To buy or to rent?
This isn’t just a conundrum millions of individuals find themselves in. It’s a common issue among business owners as well.
When you’re starting a business, one thing is clear: you need to find a commercial space for it – unless it’s a home-based business. You have two options: you can rent or buy.
Which option should you choose? Although the answer might seem straightforward for most small business owners, renting an office shouldn’t be an easy decision to make. There are instances when it’s smarter to buy the space.
In this article, we’re fleshing out the pros and cons of renting and buying office space.
The Pros and Cons of Renting Commercial Real Estate
Renting an office is the most common option for most business owners. Why is this the case?
This is a no-brainer. It’s way more affordable to rent office space than buy it.
When you buy an office, it means you’re ready to pay for the space either in cash or through a commercial mortgage. Paying in cash is usually out of the question for most owners since small businesses are always running on a shoestring budget. Qualifying for a commercial mortgage isn’t easy either because lenders what businesses with established credit history and a proven revenue generation record.
With these options off the table, renting is the only choice left. On average, renting will cost anywhere from about $10 to $30 or more per square foot, depending on the location of the building. So, if you need a $2,000 ft/sq space, you’ll pay at least $20,000 a year in rent.
You don’t need to be good at math to know that it’s easier to afford $20K (about $1.6K a month) is way more affordable than buying.
Although it’s not a good idea to move your business from location to location, sometimes it’s necessary. If you think that your current location isn’t ideal for your business, for instance, it’s understandable if you want to move it to a new location with a bigger target market.
When you’re renting, it’s much easier to relocate. Although landlords will typically want you to enter into a lease agreement that describes when you can move out of the building, these leases are usually short-term (1 year). This is a short time, meaning even if your lease isn’t due to expire for another couple of months, you can wait it out.
Flexibility isn’t just about moving. If your business fails, you can simply fold up your operations without worrying too much about what will become of your commercial purchase.
Renting Can Be Costly in the Long-Term
When you think long-term, buying often turns out to be the cheaper option.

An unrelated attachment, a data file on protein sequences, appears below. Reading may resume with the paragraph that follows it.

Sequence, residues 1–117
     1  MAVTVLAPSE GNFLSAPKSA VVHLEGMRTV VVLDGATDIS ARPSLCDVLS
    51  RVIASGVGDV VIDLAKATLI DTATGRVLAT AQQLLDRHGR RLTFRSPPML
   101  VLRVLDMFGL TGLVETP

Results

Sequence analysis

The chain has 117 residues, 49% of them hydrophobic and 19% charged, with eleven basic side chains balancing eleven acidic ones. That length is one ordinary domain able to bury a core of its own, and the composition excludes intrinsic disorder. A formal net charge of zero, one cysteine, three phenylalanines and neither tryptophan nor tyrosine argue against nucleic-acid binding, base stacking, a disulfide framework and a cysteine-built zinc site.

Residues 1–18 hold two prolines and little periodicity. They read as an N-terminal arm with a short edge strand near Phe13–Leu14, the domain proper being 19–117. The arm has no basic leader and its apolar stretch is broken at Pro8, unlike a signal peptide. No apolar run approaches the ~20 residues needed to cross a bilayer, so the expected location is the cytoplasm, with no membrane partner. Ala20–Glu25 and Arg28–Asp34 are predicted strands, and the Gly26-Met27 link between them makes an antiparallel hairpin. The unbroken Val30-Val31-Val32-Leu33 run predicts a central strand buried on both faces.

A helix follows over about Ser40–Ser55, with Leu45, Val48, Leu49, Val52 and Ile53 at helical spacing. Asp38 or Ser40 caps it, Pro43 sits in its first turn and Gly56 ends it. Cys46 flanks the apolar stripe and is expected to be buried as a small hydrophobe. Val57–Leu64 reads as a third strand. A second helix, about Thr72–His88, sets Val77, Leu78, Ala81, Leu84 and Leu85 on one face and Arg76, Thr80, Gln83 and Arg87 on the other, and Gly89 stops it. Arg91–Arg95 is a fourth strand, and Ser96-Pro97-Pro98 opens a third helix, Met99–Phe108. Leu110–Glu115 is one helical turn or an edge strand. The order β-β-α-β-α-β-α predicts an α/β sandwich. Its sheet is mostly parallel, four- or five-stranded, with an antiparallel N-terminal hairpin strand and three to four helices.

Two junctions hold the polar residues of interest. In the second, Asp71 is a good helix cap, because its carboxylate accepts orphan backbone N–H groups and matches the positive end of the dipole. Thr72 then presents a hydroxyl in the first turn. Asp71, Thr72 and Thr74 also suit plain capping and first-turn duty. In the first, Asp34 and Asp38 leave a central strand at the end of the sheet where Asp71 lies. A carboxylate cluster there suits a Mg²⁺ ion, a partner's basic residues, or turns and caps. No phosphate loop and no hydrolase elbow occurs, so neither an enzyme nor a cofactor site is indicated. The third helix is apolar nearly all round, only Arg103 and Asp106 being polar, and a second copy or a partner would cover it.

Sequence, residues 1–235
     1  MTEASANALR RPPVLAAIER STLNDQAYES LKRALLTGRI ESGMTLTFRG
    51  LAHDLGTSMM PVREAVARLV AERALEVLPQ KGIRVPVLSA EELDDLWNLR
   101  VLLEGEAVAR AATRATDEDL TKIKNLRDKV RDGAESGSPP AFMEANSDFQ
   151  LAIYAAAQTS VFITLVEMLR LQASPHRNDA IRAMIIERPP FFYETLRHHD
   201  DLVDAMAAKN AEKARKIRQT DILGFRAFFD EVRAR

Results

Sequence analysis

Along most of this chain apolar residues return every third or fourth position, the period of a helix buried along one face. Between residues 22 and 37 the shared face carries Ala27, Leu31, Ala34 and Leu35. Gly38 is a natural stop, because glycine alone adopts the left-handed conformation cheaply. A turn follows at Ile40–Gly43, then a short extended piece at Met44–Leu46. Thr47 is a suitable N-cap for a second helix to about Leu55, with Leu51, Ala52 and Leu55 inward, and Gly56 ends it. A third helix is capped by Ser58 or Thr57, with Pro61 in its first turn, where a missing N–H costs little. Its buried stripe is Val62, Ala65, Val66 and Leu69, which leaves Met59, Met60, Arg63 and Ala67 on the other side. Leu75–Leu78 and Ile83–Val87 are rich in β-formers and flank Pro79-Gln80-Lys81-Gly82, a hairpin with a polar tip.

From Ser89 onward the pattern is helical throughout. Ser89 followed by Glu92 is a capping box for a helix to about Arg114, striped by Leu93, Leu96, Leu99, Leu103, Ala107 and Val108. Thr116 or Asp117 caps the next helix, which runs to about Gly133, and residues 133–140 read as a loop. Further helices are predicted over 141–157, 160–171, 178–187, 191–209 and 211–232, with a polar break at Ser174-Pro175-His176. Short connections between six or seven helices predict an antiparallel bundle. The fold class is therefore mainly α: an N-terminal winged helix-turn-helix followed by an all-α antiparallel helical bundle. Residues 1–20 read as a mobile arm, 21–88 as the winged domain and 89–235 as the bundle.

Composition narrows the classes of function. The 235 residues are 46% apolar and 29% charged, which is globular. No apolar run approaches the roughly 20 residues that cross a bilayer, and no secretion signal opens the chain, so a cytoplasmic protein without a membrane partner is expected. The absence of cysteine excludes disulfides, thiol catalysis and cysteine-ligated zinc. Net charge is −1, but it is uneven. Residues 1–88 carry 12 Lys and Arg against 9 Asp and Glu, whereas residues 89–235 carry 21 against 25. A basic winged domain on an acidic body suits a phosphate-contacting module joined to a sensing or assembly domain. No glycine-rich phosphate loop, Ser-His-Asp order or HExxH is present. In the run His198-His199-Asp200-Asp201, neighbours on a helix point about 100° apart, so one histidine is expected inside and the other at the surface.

Here’s an illustration.
If you’re paying $20,000 a year on rent, in 10 years you will have paid at least $200K. In some locations, this can be enough to purchase a small office space and never worry about dealing with landlords again.
The cost of crazy high rent can also be a major disadvantage of renting. It’s an awful feeling when you find an ideal space only to find out that you cannot afford it. You have effectively been priced out.
You Have Little Control Over the Space
As a tenant, you don’t much control over the space you’re renting. Yes, you can paint the walls, install shelves, and make some adjustments to suit the needs of your business, but that’s just about it.
You have little control over how long your business will stay in the space. Imagine a situation where your business is really thriving and customers are loving your new location. But then your lease is expiring soon and the landlord has ruled out renewing it. Now you face the prospect of finding another location, a move that can affect your business negatively.
The Pros and Cons of Owning Your Commercial Office Space
Although owning commercial office space is less popular, it’s still a good option. In many cases, the cons of renting turn out to be the pros of buying, but there are unique ups and downsides.
Let’s have a look.
You Can Build a Custom Office Space
A unique advantage of owning a commercial space is you can customize it to suit your preferences. This is especially true when you’re building from scratch. By the way, did you know modern contractors use proposal building software that enables clients like you to have a clear picture of the costs?
If you don’t fancy building from scratch, you can still buy a space in a building and customize it accordingly. Although there are limits to the kind of structural adjustments you can make to the property, you still have greater leeway than if you were renting.
You Build Equity in the Property
The value of most real estate assets increases over time. Commercial office spaces are no different.
What this means is you have an opportunity to make money should you decide to sell it down the road. Or, if you bought it via a mortgage, an increase in equity means you can access things like an equity line of credit and use the asset as collateral.
You Have to Maintain Your Space
Ownership comes with maintenance costs. Unlike when you’re renting, repairs and routine maintenance costs are on you.
Bear in mind that you have a legal responsibility to maintain healthy and safe premises for your workers and customers, so you can’t slack on property maintenance and repairs when necessary.
There’s also the cost of depreciation, just in case the property doesn’t gain value as expected.
Renting an Office vs Buying: Make Your Choice
Renting an office might seem like the obvious choice when you’re starting a small business, but buying is also a possibility. With this guide, you now know the pros and cons of renting and buying, so you can make an informed decision.
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